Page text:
Balsa, coffee stirrers, felt tip pens, and a bought bird house – all this saved me time, paint and mess especially having no workshop and few woodwork skills. Like Bob Cordery’s greyed dayglo castle, I may add some flock but the base feels like a wooden veranda or porch.
A happy bit of “Kit Bashing” on the kitchen table, which certainly saved me some woodwork. It should provide an interesting focus to a suitable backwoods scenario game.
If anyone asks what I do outside work, I can say I am now a proud home owner or property developer, renovating an interesting period property with no previous owners.
Or should I have painted up my carefully hoarded boxed 1978 Airfix Bluetits kit from their Nature Series and let them move in?
I have posted two new posts on my sister blog Pound Store Plastic Warriors, all about the fun of making this semaphore signal tower for coast, mountain or desert from available scrap, a suitable toy soldier type fortified building for 30 mm to 54mm figure games.
here are two of my surviving unmade John Mitchell buildings photographed so that fellow Peter Laing enthusiasts can build again and attack or defend their own John Mitchell tribute town.
What finer tribute can there be for a wargames designer’s products than for them to live on and give pleasure long after him?
My original John Mitchell card buildings from the 1980s have not survived.
Luckily two of my spare original sheets have survived. I scanned and printed these onto card to preserve the originals.
40 years after they were designed in 1976 by John Mitchell, these buildings are back being made on my cutting board. They were first designed not long after Peter Laing launched his first 15mm figures in 1972.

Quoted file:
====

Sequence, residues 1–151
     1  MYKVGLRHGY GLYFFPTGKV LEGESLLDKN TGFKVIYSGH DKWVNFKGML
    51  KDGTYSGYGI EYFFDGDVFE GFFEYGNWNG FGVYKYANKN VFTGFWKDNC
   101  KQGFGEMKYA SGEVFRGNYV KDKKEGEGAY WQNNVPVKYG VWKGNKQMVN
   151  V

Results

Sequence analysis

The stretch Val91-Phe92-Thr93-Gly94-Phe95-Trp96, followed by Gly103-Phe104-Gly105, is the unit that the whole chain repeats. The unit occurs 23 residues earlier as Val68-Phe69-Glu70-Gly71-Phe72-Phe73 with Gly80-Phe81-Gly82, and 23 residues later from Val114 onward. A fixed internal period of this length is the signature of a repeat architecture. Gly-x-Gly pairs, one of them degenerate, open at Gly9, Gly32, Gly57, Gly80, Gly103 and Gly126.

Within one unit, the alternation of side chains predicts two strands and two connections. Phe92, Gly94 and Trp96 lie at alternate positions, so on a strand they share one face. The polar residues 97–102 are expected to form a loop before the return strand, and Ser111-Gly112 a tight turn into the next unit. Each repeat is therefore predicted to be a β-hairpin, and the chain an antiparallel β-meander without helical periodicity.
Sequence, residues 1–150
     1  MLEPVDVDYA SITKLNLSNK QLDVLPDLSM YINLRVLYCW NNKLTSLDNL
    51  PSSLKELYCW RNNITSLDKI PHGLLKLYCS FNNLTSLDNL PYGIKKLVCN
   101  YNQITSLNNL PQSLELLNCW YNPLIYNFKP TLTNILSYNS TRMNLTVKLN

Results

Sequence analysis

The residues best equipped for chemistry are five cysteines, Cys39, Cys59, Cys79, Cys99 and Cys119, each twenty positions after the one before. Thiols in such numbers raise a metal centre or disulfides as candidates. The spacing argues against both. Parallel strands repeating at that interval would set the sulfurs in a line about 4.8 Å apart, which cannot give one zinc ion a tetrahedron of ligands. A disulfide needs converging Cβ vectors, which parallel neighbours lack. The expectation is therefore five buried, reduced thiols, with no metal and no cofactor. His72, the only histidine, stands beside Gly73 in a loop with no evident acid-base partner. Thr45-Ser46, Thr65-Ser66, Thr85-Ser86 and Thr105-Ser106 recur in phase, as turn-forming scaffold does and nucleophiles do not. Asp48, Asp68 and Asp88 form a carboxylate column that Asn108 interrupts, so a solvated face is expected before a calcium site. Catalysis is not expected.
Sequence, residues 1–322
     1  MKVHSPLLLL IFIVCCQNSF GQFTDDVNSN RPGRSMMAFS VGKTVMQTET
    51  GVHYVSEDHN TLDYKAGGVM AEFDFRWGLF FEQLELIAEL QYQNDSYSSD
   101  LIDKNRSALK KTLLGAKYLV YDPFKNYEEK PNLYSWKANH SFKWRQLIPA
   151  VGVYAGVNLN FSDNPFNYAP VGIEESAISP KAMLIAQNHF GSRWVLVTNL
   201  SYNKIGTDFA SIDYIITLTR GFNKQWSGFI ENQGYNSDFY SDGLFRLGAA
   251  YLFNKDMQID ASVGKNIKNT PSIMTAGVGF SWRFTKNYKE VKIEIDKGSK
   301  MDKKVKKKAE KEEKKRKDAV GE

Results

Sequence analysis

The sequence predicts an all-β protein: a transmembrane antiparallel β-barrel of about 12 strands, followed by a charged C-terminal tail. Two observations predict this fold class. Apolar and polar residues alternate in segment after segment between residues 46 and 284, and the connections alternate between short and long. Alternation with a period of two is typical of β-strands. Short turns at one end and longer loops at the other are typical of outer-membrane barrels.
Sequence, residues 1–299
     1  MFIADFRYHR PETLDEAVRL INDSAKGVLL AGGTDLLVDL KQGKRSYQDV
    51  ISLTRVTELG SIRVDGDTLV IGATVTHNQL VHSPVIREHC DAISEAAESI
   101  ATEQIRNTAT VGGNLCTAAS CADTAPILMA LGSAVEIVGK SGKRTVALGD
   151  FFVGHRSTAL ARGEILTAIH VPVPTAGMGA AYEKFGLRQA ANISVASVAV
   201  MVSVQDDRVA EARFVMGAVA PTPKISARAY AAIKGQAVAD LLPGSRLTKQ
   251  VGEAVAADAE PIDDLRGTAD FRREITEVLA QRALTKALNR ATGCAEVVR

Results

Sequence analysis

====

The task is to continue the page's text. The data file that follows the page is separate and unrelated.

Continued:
I remember making this farmhouse before c. 1983 and had few difficulties.
The farmhouse chimney sits a little oddly, so needs an additional flap added along on its left side before you cut it out.
Additionally a larger fold-over flap at the top of the single house wall with door is needed to get a level roof; just align the new flap with the height of the other wall with a door.
John Mitchell made suggestions for adapting the basic card model as “base for experimentation e.g. Painting walls in poster colour, texturing walls and roofs in plastic filler and adding beams and window frames in balsa wood.”
John mentioned his intention to work across “all periods of history” towards “Castles, and other large constructions” not just these slightly humbler 15mm dwellings.
Launching his buildings not long after Peter Laing launched his first 15mm figures in 1972, the only other building I came across mentioned (but sadly never bought) was the JM5 desert type dwelling mentioned in this Peter Laing advert in the early to mid 80s, a snip at 40p.
Not sure what the Barrack Room range was.
So if JM1 was the Elizabethan house, JM2 the Farmhouse / Barn and JM5 the Desert building, does anyone know or can show what JM3, JM4 and JM6 onwards were?
I’d be interested to see more of them.
Enjoy building your John Mitchell tribute houses and may you have many happy hours with these as a pivotal battlefield feature to defend or attack in John Mitchell’s memory.